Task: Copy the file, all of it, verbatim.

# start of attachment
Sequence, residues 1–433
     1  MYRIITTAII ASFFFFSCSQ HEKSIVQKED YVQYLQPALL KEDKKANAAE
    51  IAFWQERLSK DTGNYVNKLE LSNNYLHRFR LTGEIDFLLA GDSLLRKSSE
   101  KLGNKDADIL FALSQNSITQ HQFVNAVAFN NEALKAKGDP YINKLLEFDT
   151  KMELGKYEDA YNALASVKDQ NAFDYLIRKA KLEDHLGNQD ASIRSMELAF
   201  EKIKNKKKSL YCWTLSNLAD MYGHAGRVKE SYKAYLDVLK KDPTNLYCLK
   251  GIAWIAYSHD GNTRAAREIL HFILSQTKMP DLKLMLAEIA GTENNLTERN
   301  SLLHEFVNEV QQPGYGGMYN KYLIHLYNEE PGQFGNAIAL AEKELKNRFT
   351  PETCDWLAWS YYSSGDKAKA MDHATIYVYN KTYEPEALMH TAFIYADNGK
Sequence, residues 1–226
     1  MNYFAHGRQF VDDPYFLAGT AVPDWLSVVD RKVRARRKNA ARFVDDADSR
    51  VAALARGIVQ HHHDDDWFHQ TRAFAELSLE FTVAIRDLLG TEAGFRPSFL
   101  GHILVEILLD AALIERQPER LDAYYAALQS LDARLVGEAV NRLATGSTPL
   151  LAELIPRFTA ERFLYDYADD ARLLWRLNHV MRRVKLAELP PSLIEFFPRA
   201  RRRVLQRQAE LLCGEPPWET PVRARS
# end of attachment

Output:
Sequence, residues 1–433
     1  MYRIITTAII ASFFFFSCSQ HEKSIVQKED YVQYLQPALL KEDKKANAAE
    51  IAFWQERLSK DTGNYVNKLE LSNNYLHRFR LTGEIDFLLA GDSLLRKSSE
   101  KLGNKDADIL FALSQNSITQ HQFVNAVAFN NEALKAKGDP YINKLLEFDT
   151  KMELGKYEDA YNALASVKDQ NAFDYLIRKA KLEDHLGNQD ASIRSMELAF
   201  EKIKNKKKSL YCWTLSNLAD MYGHAGRVKE SYKAYLDVLK KDPTNLYCLK
   251  GIAWIAYSHD GNTRAAREIL HFILSQTKMP DLKLMLAEIA GTENNLTERN
   301  SLLHEFVNEV QQPGYGGMYN KYLIHLYNEE PGQFGNAIAL AEKELKNRFT
   351  PETCDWLAWS YYSSGDKAKA MDHATIYVYN KTYEPEALMH TAFIYADNGK
Sequence, residues 1–226
     1  MNYFAHGRQF VDDPYFLAGT AVPDWLSVVD RKVRARRKNA ARFVDDADSR
    51  VAALARGIVQ HHHDDDWFHQ TRAFAELSLE FTVAIRDLLG TEAGFRPSFL
   101  GHILVEILLD AALIERQPER LDAYYAALQS LDARLVGEAV NRLATGSTPL
   151  LAELIPRFTA ERFLYDYADD ARLLWRLNHV MRRVKLAELP PSLIEFFPRA
   201  RRRVLQRQAE LLCGEPPWET PVRARS